A big metropolis can be an absorbing experience, but sometimes you just need a little room. Tokyo offers pockets of that — everything feels great when standing on the Sky Deck of Roppongi Hills, or when zooming around the streets from the top of a Sky Bus. Or when you enjoy a traditional lunch in a private room at Ginza's Kakiyasu, savoring every bite of beef in the set.
But walking through the same neighborhood while sporting a yukata (lightweight kimono) rented from a nearby kimono shop, a desire for a bit more space strikes. You can only zigzag around pedestrians for so long in wooden shoes.
The city of Hiroshima and nearby islands offer plenty of that. Flights from Haneda Airport to Hiroshima Airport via domestic carriers such as Japan Airlines (JAL) depart frequently, the trip itself taking an hour. JAL makes the trip breezy, too, with an easy QR code boarding system and flight staff that make the 60 minutes feel simple.
Getting around the city is easy, with trains and streetcars crisscrossing through Hiroshima. Using the latter means quick access to downtown, where visitors can find restaurants serving okonomiyaki (savory Japanese pancake), a local delicacy. After dinner, visitors can head to Orizuru Tower to see a night view of the city.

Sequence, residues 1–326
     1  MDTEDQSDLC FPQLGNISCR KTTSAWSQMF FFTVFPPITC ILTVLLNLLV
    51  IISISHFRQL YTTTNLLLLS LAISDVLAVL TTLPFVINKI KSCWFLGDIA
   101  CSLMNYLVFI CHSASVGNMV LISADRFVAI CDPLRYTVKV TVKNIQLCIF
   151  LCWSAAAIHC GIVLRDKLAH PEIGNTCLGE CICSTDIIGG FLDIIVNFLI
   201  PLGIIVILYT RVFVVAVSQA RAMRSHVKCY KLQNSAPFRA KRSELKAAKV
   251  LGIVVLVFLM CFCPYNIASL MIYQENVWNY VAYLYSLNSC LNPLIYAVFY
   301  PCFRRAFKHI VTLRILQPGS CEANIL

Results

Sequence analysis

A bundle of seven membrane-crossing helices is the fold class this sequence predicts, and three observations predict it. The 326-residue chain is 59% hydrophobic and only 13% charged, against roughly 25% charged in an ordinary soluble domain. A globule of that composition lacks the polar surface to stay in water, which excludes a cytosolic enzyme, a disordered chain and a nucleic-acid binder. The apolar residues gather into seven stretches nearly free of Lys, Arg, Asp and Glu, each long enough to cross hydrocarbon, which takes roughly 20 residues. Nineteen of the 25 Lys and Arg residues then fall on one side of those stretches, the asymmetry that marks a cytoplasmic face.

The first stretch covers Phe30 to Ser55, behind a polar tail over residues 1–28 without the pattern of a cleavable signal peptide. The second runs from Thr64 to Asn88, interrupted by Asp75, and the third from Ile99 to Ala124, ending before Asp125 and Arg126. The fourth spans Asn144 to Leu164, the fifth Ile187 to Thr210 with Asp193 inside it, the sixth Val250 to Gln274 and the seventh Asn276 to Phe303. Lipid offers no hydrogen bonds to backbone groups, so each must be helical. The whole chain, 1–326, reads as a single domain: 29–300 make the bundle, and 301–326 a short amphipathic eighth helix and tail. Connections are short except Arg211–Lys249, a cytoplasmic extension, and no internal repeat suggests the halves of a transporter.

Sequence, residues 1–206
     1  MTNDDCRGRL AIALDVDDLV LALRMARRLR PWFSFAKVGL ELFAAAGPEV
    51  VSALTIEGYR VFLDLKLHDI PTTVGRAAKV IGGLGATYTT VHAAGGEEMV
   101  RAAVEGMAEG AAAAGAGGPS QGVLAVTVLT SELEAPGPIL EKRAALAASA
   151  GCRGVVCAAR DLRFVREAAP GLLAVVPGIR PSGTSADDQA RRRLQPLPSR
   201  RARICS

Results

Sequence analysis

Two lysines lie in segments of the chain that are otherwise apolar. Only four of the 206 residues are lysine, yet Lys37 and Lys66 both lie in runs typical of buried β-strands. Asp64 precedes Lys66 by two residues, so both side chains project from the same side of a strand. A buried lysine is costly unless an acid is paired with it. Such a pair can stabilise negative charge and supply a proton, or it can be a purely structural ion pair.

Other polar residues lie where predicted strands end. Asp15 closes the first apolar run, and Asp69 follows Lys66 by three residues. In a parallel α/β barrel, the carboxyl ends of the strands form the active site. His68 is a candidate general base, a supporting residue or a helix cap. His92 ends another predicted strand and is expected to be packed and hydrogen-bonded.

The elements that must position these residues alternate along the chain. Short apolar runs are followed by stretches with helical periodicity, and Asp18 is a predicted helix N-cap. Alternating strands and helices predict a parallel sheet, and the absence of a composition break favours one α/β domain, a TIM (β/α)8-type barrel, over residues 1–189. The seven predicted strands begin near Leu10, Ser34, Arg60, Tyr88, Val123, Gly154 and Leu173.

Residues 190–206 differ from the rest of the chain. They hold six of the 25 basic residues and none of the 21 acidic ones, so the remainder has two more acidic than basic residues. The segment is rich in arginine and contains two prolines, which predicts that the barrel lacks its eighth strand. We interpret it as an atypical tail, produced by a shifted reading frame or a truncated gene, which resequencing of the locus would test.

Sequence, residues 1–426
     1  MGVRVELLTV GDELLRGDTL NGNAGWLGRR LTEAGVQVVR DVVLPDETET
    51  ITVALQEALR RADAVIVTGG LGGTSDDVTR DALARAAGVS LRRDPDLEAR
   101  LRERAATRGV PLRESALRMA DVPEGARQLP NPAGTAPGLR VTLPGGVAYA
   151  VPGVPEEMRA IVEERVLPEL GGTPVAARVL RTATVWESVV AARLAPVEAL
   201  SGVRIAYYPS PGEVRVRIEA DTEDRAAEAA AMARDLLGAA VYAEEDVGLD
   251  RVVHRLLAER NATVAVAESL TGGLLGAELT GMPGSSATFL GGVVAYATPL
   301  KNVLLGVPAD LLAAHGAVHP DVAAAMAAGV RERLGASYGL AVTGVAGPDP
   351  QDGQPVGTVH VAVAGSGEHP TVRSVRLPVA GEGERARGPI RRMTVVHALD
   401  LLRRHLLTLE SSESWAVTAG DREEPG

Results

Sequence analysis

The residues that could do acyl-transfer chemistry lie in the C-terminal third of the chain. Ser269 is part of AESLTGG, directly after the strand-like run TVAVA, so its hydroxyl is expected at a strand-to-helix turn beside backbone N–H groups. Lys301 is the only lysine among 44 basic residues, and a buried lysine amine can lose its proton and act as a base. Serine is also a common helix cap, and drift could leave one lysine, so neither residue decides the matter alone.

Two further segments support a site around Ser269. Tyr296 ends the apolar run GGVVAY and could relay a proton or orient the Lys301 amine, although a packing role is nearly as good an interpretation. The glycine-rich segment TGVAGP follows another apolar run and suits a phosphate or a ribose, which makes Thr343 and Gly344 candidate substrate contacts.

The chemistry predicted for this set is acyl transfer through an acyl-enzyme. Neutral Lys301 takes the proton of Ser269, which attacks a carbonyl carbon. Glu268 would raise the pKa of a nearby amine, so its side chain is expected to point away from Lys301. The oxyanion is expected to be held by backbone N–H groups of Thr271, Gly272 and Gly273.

It's here where you can also reflect on one of the more somber instances in human history, as the Atomic Bomb Dome rests nearby. The first nuclear weapon ever used on a city exploded above this structure in 1945. Reflect around the Peace Park or at the Hiroshima Peace Memorial Museum.
Nowhere offers a better place to chill than Miyajima, an island not far from Hiroshima. Take a JR train to Miyajimaguchi Station and board a ferry. The main point here is Itsukushima Shrine, highlighted by a large torii gate in the water. View it from afar, or rent a kayak and see it up close. Afterward, explore the island and enjoy eel, oysters and beer. Watch out for the deer roaming around (and don't feed them).
Part of Hiroshima's appeal lies in how easy it is to take the shinkansen from Hiroshima Station down to Mihara, where visitors can catch a boat to the islands in the Seto Inland Sea. Cyclists should go to Setoda Port, the perfect place to start riding the Shimanami Kaido. This route goes through towns and over bridges, offering postcard-worthy views of the ocean. Plan your route right and spend the night at Onomichi U2, where rooms come with bike racks.
Even if cycling isn't your speed, the islands offer plenty of activities. You can enjoy lemons, the local citrus of choice, in cakes and beer, or visit Kosanji Temple. Make sure to head to the very top to see the Hill Of Hope, a series of marble monuments.
However you approach Hiroshima and the surrounding area, you'll be in good spirits when you get back to the airport. Make sure to buy some momiji manju (maple leaf-shaped dumpling), hop on your flight and get ready to return to city life feeling refreshed.
Travel for this article supported by the Tokyo Metropolitan Government